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Blackstone Mortgage Trust Inc (BXMT) Q4 2018 Earnings Conference Call Transcript

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Blackstone Mortgage Trust Inc  (NYSE: BXMT)
Q4 2018 Earnings Conference Call
Feb. 13, 2019, 10:00 a.m. ET

Contents:

  • Prepared Remarks
  • Questions and Answers
  • Call Participants

Prepared Remarks:

Operator

Good day, and welcome, everyone, to the Blackstone Mortgage Trust Fourth Quarter and Full Year 2018 Investor Call hosted by Weston Tucker, Head of Investor Relations. My name is Matthew and I'm your operator today.

During the presentation your lines will remain on listen-only. (Operator Instructions) I'd like to advise all parties this conference is being recorded for replay purposes.

And now, I'd like to hand over to Weston. Please go ahead.

Weston M. Tucker -- Head of Investor Relations

Great. Thanks, Matthew, and good morning, everyone, and welcome to Blackstone Mortgage Trust's fourth quarter conference call. I'm joined today by Steve Plavin, President and CEO; Jonathan Pollack, Global Head of Blackstone Real Estate Debt Strategies; Tony Marone, Chief Financial Officer; Doug Armer, Managing Director and Head of Capital Markets; and Katie Keenan, Managing Director of Blackstone Real Estate Debt Strategies.

Last night, we filed our 10-K and issued a press release with the presentation of our results which are available on our website and have been filed with the SEC.

I'd like to remind everyone that today's call may include forward-looking statements which are uncertain and outside of the Company's control. Actual results may differ materially. For a discussion of some of the risks that could affect results, please see the Risk Factors section of our most recent 10-K. We do not undertake any duty to update these statements and we will also refer to certain non-GAAP measures on this call, and for reconciliations, you should refer to the press release and our 10-K.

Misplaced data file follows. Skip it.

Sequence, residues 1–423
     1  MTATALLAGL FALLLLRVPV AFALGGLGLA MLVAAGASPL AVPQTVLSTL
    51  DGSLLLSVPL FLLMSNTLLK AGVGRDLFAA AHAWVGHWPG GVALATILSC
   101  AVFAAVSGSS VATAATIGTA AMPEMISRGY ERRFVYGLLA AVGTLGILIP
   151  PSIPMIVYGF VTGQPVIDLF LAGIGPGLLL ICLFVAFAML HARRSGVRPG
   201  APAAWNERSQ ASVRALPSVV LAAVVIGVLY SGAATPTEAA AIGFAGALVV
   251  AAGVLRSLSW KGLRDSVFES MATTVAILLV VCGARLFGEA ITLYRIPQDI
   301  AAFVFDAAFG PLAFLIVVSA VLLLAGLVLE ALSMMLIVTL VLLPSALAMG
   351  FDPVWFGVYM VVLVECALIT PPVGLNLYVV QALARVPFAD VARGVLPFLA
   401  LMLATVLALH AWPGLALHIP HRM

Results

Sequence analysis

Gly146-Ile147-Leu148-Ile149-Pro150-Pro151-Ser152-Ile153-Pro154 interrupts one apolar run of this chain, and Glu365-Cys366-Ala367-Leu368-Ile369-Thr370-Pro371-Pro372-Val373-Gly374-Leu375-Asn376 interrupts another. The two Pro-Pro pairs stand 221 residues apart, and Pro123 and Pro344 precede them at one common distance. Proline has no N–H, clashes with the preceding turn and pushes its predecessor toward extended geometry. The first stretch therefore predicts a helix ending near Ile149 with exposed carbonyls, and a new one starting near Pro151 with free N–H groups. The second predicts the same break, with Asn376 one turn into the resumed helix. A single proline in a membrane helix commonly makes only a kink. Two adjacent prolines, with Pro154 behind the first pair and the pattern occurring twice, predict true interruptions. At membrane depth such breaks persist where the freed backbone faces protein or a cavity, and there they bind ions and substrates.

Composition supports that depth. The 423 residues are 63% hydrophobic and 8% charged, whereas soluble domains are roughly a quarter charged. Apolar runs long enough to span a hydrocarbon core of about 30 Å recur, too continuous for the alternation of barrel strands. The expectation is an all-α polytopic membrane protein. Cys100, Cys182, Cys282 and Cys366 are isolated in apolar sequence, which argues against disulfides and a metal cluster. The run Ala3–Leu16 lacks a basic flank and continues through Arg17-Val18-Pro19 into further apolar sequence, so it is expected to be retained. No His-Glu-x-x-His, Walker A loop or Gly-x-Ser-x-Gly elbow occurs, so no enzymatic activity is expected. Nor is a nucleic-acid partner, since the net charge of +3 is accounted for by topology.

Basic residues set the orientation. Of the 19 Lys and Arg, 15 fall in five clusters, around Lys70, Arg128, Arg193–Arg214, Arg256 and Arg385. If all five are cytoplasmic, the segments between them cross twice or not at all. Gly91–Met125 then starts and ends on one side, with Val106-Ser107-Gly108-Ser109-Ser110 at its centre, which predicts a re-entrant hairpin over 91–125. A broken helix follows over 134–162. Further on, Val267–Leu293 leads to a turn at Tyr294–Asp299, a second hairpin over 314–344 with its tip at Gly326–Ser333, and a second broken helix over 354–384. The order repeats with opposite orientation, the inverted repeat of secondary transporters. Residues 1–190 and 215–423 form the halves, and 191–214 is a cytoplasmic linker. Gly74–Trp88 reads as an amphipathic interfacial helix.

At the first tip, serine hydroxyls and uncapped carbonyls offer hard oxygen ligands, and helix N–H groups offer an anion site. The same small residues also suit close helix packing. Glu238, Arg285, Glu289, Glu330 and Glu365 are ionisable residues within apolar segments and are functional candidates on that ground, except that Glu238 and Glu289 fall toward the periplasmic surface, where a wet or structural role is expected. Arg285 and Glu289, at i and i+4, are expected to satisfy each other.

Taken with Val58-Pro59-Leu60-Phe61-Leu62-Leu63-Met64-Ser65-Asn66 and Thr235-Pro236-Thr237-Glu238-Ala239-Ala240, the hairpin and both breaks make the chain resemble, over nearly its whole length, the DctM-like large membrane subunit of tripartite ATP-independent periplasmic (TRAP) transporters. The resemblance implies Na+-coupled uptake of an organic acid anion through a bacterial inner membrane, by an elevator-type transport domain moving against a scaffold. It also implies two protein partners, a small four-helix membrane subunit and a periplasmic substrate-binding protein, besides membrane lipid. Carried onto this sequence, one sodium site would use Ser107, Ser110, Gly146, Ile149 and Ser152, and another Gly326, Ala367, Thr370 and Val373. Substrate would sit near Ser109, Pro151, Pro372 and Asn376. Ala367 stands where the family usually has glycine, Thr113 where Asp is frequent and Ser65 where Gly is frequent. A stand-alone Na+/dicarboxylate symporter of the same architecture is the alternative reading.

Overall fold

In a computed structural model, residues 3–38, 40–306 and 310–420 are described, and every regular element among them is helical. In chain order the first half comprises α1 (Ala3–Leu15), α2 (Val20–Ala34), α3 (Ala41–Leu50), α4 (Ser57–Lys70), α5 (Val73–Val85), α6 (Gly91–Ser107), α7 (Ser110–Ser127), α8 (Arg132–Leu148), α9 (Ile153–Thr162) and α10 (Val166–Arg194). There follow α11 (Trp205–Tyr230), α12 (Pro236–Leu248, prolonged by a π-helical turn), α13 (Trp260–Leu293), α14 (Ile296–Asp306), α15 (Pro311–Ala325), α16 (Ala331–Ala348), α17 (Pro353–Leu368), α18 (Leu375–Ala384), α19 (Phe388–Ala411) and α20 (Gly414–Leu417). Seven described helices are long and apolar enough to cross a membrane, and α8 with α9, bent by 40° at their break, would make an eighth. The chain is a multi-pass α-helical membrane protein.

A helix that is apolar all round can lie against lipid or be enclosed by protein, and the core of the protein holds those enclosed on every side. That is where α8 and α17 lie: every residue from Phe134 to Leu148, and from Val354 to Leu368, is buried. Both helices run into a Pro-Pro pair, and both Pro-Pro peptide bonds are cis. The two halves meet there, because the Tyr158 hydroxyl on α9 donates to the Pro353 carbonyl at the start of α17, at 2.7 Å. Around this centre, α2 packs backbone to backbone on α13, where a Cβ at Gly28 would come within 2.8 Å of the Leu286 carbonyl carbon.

This audiocast is copyrighted material of Blackstone Mortgage Trust and may not be duplicated without our consent.

So a quick recap of our results. We reported GAAP net income per share of $0.61 for the fourth quarter and $2.50 for the full year. Core earnings were $0.69 per share for the quarter and $2.90 for the year, up from $2.55 in the prior year.

A few weeks ago, we paid a dividend of $0.62 with respect to the quarter, reflecting an attractive annualized yield of 7.2% based on yesterday's closing stock price. If you have any questions following today's call, please let me know.

And with that, I'll now turn things over to Steve.

Stephen D. Plavin -- Chief Executive Officer and President

Thanks, Weston, and good morning, everyone. An excellent fourth quarter capped an extraordinary year for BXMT. We originated $3.5 billion of loans in the quarter and $10.7 billion for the year, our most active ever. In 2018, we grew our portfolio by $4.7 billion to $15.8 billion, while maintaining an origination LTV of 62%. The portfolio growth helped drive core earnings to $2.90 per share, which produced a 117% dividend coverage.

The strong coverage reflects our focus in the quality of the dividend, which is generated solely from our pure play senior lending business and we are able to retain the excess earnings, which contributed to our increase in book value during the year. In Q4, we closed 21 loans, our highest ever quarterly loan count exclusive of the GE portfolio acquisition in 2015.

We had several originations during the quarter that highlight the power of our platform, the biggest was a 65% of costs $652 million acquisition bridge loan for Terminal Stores, a historic New York City asset acquired for redevelopment by a joint venture of two strong BX relationship clients. The large loan size and transitional nature greatly reduce competition for the loan, as is the confidence of borrowers needed and lenders' ability to execute, so a great example of our competitive advantage.